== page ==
Empowering Women today for a sustainable Tomorrow: Women’s empowerment refers to the process of enabling women to have greater control over their lives and to be able to make their own decisions. This can include empowering women to participate fully in the economy and in the political process, as well as empowering them to make decisions about their own health and well-being. Women’s empowerment is important because it can lead to a range of positive outcomes, including increased economic growth and development, improved health and well-being, and greater gender equality. Gender refers to the roles, responsibilities, characteristics, and behaviours that a given society associates with our identities as women, girls, men, boys, or non-binary people. Gender is socially and culturally constructed, so our understandings of gender differ across contexts and over time. Gender influences what is expected of each of us, the power we have in society, how we relate to others, and the norms to which we are expected to conform. Gender is a distinct concept and not the same as sex classification, which is typically assigned at birth. We know that education is an essential tool to empower women to gain confidence and achieve economic stability and success. In today’s digital era that has been largely defined by technological advancements, access to technology is essential to anyone’s educational and economic success. Women face significant barriers when it comes to accessing education and employment.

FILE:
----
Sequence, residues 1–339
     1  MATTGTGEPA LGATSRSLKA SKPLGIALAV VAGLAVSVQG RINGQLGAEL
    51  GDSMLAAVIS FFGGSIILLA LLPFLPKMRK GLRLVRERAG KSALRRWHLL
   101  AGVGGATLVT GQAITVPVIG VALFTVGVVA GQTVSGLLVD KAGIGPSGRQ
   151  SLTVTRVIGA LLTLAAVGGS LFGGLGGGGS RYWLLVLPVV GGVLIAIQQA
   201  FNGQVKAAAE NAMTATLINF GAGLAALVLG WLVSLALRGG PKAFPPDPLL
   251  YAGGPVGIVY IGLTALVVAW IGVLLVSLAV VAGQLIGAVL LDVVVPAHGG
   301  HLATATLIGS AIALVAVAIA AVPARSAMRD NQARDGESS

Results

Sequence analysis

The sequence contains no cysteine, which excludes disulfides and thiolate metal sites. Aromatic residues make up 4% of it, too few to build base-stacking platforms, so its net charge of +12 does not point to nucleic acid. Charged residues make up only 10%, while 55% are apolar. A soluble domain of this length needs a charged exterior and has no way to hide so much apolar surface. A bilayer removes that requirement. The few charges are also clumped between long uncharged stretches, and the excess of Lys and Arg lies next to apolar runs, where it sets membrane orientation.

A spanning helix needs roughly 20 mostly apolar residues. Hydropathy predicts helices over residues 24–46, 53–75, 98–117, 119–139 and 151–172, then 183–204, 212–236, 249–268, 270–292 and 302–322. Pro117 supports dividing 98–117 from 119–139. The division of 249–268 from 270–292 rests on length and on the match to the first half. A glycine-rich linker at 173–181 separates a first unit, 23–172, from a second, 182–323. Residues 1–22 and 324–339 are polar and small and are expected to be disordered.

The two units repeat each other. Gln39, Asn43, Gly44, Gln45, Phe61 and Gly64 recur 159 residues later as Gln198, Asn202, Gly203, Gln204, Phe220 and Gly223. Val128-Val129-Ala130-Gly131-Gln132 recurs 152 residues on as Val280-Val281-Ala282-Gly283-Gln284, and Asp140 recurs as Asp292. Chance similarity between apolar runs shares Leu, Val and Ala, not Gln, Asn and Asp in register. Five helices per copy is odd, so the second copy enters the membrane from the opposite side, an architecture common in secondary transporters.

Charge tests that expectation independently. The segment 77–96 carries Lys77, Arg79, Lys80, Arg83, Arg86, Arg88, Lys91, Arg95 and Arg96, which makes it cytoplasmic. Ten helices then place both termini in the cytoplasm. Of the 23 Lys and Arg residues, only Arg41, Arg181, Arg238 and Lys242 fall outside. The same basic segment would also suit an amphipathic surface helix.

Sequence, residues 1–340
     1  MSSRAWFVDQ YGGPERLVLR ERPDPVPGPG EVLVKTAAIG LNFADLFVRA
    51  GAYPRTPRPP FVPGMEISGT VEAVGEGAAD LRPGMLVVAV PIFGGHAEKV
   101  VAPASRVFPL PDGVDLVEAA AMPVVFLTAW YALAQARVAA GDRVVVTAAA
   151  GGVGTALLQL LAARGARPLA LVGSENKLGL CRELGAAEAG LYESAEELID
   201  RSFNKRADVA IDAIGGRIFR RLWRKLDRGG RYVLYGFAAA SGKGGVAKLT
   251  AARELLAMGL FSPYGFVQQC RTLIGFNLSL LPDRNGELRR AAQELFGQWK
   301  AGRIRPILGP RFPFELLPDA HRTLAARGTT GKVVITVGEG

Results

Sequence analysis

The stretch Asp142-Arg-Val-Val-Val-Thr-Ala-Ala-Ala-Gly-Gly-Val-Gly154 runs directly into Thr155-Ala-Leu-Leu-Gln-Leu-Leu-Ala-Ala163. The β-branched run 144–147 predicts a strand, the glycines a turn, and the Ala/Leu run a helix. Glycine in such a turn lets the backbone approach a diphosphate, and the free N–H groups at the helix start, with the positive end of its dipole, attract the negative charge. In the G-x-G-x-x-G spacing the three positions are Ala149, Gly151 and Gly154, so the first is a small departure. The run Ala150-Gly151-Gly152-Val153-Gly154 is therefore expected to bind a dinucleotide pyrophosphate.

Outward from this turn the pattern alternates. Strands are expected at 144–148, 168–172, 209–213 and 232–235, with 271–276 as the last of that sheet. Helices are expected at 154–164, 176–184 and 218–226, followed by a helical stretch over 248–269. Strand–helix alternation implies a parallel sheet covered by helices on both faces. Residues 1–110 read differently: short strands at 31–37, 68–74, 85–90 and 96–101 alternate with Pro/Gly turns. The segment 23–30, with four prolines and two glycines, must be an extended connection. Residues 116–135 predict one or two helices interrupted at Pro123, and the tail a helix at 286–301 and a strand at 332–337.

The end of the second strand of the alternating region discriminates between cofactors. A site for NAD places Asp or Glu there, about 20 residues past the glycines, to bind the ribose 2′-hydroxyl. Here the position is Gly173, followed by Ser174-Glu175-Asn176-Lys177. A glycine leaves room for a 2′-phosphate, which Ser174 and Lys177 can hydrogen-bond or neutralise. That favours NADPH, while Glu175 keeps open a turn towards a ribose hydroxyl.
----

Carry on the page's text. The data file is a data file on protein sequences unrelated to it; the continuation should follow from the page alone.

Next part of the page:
Gender-based violence is a major problem. The National Crime Records Bureau reports that in 2021, there were over 4,28,278 reported cases of violence against women. This included incidents of physical and sexual assault, as well as dowry-related violence and female infanticide. The statistics are alarming, with 31,677 reported rapes against women in 2021 alone. Many women live in poverty, particularly in rural areas. Poverty can make it difficult for women to access education and employment, and can lead to other challenges such as poor health and malnutrition. Women in rural areas often face greater challenges when it comes to empowerment. For example, they may have less access to education and health care, and may be more isolated and vulnerable to gender-based violence. Women in often face discrimination in many areas of life, including in the home and in the workplace. This can make it difficult for them to access education and employment opportunities, and can lead to unequal treatment and lower pay.